The conspiracy by media to gag kidnapping stories of reporters abroad may have saved Rohde’s life, and Fung’s too. If so, great. Perhaps it had no effect on the outcome at all. This is something we’ll never know. But one thing we might be able to know, if we dared to ask it of ourselves, is why different rules were apparently applied to Rohde and Fung than to Giesbrecht, Lindhout, and others. If a New York Times or CBC reporter’s life was sufficiently worth guarding as to sacrifice the kind of high-minded, self-ascribed newsroom principles given by the Star to Je Yell Kim’s family, surely others’ lives are, too.

Source: National Post

July 26, 2009

Family of kidnapped journalist breaks silence

Finally word from one of the families, Nigel Brennan’s. The pressure on them must be enormous to do the ‘right’ thing for their loved ones. So to, must ‘knowing’ what the right thing to do, is.

The below is the full published report from the National Post
dated Friday, July 24, 2009.

CALGARY — The family of a photographer taken hostage along with Alberta journalist Amanda Lindhout in Somalia is stepping up the pressure on the Australian government to negotiate the man’s release.

The family of Nigel Brennan has broken its silence on the case, criticizing the negotiation process as lacking in transparency and taking “a ridiculous amount of time.”

“We are just desperate to get some answers from our government,” family spokeswoman Rebecca Hutchins told the Australian Broadcasting Corp. “What do they think is a reasonable time for an Australian citizen to be held captive?”

Brennan’s mother also confronted Australian prime minister Kevin Rudd during a public visit earlier this week, according to media reports.

Brennan and Lindhout were kidnapped on Aug. 23, 2008 along with local journalist Abdifatah Mohammed Elmi, who was released in January.

In another interview with ABC, an Australian official said Friday the family’s public comments Thursday will not help speed up negotiations for Brennan’s release.

“I understand very much their frustration and the agony of the mother who hasn’t seen her son for almost a year,” said foreign minister Stephen Smith. “Our advice has always been not to go public, not to go to the media.”

Rudd said in a separate interview that the country is doing everything it can.

“This is an exceptionally complex matter, and I think if you were fully apprised, confidentially, of the details of the case… you’d be fully seized of how difficult and complex a matter this is, given the part of the world in which he is located,” the Australian prime minister said.

Negotiations between Canadian officials and Somali hostage takers ceased in January, and Lindhout issued a plea in May to AFP via a five-minute phone conversation, saying she and Brennan are not doing well.

“The situation here is very dire and very serious. I’ve been a hostage for nine months, the conditions are very bad, I don’t drink clean water, I am fed at most once a day,” Lindhout said during the plea. “I’m being kept . . . in a dark windowless room, completely alone.”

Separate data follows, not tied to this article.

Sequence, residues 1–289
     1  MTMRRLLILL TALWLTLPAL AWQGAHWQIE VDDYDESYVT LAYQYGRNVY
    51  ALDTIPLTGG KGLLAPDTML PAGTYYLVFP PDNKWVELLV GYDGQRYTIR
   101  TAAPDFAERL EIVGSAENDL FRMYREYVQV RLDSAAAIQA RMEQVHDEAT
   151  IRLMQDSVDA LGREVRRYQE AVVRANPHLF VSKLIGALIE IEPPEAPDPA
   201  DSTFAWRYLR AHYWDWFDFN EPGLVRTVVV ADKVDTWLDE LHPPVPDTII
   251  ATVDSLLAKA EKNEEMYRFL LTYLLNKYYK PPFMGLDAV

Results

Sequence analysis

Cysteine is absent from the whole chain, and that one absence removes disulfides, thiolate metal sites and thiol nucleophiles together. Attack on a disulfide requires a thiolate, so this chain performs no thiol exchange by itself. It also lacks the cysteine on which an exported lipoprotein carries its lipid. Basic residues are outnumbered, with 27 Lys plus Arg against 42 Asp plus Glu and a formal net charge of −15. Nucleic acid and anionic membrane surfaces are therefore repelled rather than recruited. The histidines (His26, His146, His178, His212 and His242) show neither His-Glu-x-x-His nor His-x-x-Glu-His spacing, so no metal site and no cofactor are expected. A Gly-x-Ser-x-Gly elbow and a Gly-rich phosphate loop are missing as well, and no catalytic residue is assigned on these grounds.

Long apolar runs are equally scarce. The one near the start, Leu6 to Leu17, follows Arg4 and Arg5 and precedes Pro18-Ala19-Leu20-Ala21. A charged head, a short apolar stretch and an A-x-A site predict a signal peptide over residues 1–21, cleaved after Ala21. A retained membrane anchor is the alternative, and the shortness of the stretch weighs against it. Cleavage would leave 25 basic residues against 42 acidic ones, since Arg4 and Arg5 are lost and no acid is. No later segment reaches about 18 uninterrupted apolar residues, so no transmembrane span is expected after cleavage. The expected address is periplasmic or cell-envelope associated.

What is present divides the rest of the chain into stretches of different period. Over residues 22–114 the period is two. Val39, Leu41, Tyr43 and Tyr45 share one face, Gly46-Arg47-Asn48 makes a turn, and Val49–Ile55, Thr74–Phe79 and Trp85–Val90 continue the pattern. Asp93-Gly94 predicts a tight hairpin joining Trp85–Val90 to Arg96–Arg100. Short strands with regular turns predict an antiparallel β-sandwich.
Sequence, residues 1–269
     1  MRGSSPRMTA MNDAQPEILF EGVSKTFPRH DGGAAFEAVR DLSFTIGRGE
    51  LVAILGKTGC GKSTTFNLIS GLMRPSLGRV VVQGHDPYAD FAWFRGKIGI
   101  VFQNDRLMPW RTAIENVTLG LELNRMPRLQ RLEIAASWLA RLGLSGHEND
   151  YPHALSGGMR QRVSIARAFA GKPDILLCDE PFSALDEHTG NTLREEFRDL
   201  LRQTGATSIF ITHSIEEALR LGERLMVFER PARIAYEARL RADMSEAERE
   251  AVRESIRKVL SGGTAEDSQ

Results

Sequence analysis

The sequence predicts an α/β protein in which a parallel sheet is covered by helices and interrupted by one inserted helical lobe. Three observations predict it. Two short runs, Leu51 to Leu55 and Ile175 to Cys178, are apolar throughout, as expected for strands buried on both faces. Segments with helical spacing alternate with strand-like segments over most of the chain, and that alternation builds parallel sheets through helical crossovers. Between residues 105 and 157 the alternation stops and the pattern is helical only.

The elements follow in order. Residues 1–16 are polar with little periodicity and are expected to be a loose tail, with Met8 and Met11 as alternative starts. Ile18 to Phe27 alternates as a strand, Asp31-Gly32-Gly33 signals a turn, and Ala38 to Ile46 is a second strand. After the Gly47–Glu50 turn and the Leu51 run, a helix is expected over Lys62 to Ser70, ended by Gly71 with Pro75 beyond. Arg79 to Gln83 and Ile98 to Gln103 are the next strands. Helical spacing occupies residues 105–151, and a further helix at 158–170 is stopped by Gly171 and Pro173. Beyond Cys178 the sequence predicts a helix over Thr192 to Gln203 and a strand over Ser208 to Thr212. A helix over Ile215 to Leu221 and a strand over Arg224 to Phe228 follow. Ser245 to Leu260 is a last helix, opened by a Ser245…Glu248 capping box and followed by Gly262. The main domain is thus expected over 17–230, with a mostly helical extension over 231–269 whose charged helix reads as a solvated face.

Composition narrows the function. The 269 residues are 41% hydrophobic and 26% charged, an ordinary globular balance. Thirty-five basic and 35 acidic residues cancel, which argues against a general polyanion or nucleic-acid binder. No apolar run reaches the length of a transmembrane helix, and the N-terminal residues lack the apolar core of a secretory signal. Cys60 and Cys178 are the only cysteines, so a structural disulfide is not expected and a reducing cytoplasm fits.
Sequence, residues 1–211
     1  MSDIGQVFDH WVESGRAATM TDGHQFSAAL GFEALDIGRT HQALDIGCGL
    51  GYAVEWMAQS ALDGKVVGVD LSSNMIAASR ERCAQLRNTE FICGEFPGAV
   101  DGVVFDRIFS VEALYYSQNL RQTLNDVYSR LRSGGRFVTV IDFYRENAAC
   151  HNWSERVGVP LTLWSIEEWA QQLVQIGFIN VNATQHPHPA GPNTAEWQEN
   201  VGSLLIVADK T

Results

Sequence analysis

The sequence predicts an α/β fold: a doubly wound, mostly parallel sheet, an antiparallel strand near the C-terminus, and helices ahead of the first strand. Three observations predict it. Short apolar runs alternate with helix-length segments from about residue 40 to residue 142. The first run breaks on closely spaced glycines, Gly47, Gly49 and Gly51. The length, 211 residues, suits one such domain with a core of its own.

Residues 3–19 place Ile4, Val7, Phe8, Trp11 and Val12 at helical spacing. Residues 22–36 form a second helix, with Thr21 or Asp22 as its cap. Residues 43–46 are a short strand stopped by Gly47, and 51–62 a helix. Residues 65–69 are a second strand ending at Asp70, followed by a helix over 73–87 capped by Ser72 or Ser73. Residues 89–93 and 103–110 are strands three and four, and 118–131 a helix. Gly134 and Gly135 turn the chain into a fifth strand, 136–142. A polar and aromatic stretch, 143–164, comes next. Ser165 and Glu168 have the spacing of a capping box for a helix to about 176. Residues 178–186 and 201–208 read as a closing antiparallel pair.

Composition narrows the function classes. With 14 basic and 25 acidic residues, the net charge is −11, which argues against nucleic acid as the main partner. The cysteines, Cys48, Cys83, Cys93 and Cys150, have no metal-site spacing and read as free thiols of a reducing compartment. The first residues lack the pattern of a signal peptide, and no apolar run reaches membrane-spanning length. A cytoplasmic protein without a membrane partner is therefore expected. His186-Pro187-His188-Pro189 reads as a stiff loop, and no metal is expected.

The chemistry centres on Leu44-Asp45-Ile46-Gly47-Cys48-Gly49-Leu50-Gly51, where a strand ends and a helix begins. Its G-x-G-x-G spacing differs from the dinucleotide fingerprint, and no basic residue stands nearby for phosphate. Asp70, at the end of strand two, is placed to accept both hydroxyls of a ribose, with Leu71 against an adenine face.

Brennan also spoke during the plea, noting his health was “extremely poor and deteriorating rapidly.”

The pair’s kidnapping has been one of the longest recent abductions in Somalia, although all previous kidnappings of journalists have ended with the release of the hostages amid claims that ransoms were paid.

Negotiations for their release have reportedly collapsed several times.

Source: The National Post

If you haven’t already, please take a moment to sign the petition below on Amanda & Nigel’s behalf .

Thank you.

Petition:

http://bit.ly/fhmqq

Kidnappers losing patience with Ottawa, expert claims

Kidnappers losing patience with Ottawa, expert claims

Mark Iype, Canwest News Service Published: Friday, June 12, 2009

An expert from an international media aid organization says that the plight of kidnapped Canadian journalist Amanda Lindhout is quickly becoming dire, and he is worried that the patience of the militia holding her is running out.

“They are really getting impatient,” Ambroise Pierre, the Africa expert with Reporters Without Border said yesterday from his office in Paris. “The kidnappers wanted to negotiate sooner than this.”

Pierre says his sources in Somalia say the militia holding her wants to get rid of her, but it also wants to get paid. He thinks that the kidnappers are surprised the situation has dragged.

He says kidnappings in the East African country are usually resolved within six weeks.

Lindhout, a freelance reporter from Sylvan Lake, Alta., was kidnapped last August with an Australian colleague, Nigel Brennan, while working on a story about internally displaced people.

A woman claiming to be Lindhout called CTV News late yesterday to make a tearful plea for her release.

“I’ve been held hostage by gunmen in Somalia for nearly 10 months,” the woman, claiming to be Lindhout, said.

“I’m being kept in a dark, windowless room in chains, without any clean drinking water and little or no food. I’ve been very sick for months, without any medicine.”

The woman begs Ottawa to help her family pay her ransom.

Pierre says he thinks it is highly likely that the woman who made the call is Lindhout. The call comes just weeks after a similar plea was made by Lindhout and Brennan in a short phone call with Agence France-Presse, in which they spoke of horrible conditions and their deteriorating health.

A spokeswoman for Foreign Affairs says that officials “continue to pursue all the appropriate channels” to determine Lindhout’s welfare.

Source:

http://www.nationalpost.com/related/topics/story.html?id=1825247